Giant Panda of Sichuan

The first specimen of a Giant Panda came to Europe in 1869.  Armand David, a Christian missionary, was posted to Beijing, China. David was also a naturalist, and he collected many specimens to send back to the Museum of Natural History in Paris. While stationed in Sichuan, hunters in his employ brought him the body of a young black and white bear. He dutifully sent the skin back to Paris, and in his letter with another naturalist he remarked “I have not seen this species in the museums of Europe and it is easily the most pretty I have come across; perhaps it will turn out to be new to science!” [ref] [/ref] It took a long time, before further examples of Giant Pandas came to light, and it wasn’t until 1936 that the first Panda was displayed outside of China in a zoo [ref] [/ref]. While distance and communication was difficult in the ancient world, leading to distortions, such as the possibility the Indian rhinoceros was a unicorn, the Giant Panda did not seem to be well known inside China either. Chinese art depicting Giant Pandas was very rare before the 20th century. [ref] [/ref]… Continue reading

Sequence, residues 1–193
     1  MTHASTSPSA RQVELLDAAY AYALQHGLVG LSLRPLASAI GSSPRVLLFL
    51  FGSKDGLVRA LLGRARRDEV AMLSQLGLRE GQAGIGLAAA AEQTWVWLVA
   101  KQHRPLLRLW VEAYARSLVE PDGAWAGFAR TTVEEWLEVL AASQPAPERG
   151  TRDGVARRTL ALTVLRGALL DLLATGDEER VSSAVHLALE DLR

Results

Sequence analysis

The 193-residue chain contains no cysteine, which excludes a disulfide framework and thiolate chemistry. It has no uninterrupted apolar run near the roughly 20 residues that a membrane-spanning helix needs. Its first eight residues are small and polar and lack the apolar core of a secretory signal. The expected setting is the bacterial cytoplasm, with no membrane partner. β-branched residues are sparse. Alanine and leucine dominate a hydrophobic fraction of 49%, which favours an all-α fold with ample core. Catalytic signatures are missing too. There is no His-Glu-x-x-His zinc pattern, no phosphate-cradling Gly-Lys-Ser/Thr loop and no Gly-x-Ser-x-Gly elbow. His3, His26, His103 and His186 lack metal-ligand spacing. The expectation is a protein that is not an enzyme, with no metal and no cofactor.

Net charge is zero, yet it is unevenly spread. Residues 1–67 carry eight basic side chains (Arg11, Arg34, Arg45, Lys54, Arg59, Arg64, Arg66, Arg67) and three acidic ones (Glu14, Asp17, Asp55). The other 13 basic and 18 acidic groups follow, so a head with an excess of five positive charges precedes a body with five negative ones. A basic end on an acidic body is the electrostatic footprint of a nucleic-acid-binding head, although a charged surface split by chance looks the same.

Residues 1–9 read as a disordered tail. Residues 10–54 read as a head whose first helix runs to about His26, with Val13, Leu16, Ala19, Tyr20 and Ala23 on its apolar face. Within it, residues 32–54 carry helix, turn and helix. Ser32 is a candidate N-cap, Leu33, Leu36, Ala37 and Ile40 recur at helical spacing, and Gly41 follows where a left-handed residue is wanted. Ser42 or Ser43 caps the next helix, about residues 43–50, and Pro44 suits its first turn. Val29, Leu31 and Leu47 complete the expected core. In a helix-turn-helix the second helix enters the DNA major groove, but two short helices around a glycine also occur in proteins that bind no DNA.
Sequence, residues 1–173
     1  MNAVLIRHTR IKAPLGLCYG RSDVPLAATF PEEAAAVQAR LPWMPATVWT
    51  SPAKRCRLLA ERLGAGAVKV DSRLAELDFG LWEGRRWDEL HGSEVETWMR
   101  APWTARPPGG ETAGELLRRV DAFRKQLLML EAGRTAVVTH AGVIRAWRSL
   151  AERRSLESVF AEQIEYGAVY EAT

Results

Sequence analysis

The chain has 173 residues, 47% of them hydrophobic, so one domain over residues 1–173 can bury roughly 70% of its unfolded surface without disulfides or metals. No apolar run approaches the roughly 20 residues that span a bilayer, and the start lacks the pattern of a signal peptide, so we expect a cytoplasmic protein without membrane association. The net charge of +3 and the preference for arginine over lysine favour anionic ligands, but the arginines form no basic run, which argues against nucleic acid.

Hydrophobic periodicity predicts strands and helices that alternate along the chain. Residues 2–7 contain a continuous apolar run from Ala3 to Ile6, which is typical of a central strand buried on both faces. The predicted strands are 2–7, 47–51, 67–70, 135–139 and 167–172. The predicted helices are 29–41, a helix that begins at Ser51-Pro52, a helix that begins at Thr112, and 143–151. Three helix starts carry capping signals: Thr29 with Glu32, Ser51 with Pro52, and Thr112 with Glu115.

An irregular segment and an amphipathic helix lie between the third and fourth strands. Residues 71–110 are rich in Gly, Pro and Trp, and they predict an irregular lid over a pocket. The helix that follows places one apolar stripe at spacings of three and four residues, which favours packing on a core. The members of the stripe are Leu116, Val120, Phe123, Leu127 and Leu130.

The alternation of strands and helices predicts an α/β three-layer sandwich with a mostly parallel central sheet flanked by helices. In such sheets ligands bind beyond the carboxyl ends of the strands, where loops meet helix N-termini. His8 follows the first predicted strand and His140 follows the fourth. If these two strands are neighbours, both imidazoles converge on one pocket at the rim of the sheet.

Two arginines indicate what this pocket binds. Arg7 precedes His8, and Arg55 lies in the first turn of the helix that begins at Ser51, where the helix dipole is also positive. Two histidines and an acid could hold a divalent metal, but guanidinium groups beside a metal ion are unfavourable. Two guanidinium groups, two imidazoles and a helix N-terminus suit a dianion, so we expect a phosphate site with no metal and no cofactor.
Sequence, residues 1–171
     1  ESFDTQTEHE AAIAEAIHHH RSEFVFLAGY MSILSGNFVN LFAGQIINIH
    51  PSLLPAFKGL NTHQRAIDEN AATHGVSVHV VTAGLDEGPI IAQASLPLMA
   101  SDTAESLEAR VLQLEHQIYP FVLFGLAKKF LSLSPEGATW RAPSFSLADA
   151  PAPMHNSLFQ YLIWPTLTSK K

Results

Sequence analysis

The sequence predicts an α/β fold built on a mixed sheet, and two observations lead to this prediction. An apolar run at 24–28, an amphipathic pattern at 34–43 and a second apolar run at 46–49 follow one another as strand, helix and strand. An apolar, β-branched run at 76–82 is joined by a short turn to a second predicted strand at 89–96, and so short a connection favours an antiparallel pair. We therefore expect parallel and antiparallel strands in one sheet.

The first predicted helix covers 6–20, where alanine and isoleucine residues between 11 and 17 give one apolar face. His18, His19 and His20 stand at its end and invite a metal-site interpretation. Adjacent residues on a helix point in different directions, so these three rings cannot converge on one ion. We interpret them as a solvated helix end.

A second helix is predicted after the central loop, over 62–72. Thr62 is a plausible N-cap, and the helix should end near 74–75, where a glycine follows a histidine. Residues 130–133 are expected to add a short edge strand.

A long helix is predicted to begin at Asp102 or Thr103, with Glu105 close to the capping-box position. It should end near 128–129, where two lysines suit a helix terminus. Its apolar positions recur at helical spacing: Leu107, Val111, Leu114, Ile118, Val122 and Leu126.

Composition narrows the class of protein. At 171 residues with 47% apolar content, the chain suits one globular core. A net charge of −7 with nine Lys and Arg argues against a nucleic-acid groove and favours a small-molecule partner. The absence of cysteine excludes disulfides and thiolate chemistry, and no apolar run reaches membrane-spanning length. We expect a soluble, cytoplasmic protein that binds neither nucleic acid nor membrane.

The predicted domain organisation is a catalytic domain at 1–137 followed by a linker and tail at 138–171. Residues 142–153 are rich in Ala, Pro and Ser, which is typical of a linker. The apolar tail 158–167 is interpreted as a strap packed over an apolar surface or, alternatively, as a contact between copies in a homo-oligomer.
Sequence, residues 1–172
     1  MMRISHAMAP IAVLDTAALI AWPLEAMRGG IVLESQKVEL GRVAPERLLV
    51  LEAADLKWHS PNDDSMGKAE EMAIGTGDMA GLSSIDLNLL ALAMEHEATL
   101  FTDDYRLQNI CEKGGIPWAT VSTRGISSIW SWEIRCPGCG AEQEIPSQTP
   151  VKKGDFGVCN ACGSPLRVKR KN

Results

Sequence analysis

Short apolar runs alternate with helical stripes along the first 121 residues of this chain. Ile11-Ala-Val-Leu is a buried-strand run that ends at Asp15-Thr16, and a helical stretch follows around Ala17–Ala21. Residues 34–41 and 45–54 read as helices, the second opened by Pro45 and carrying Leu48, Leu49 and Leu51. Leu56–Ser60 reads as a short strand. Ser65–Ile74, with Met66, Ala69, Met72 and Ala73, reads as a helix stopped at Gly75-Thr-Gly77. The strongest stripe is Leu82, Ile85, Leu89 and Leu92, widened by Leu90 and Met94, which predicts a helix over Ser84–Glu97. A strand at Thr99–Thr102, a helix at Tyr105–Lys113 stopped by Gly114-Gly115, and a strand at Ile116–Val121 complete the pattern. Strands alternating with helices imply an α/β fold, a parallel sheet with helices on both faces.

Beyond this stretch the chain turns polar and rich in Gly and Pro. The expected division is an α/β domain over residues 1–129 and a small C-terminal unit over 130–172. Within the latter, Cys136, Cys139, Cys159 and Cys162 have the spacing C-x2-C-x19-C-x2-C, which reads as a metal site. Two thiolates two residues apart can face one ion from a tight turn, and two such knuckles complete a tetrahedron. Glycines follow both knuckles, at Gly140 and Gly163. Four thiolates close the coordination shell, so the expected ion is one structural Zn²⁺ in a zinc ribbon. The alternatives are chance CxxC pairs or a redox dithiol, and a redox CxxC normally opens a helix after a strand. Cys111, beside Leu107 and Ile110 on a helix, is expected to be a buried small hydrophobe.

Gorillas emerge from the mists

When it comes to reports of mythological creatures from far away lands, it is interesting to look at a real-life creature and see how difficult it was for information about its existence to travel. Take for example, the Gorilla. The earliest report outside of Africa of what could possibly be gorillas comes from the Greek explorer Hanno, who travelled the Western coast of Africa, and spoke of “an island filled with savage people, most of them women, and covered on hair. Our interpreters call them gorillae.” Hanno was from Carthage (modern day Tunisia) and had sailed around the coast down to modern day Sierra Leonne or even the Gulf of Guinea. Hanno goes on to say that he tried to capture some of them alive, but on failing to do, he returned with three dead females. [ref] [/ref] It is not certain though if Hanno actually came across Gorillas or Chimpanzees on his journey, and afterwards there is little further information in the European literature until the bestselling adventure of Andrew Battel published in 1613. Battel was an English sailor who was held prisoner by the Portuguese in Africa for many years.  He speaks of two kinds of ape,… Continue reading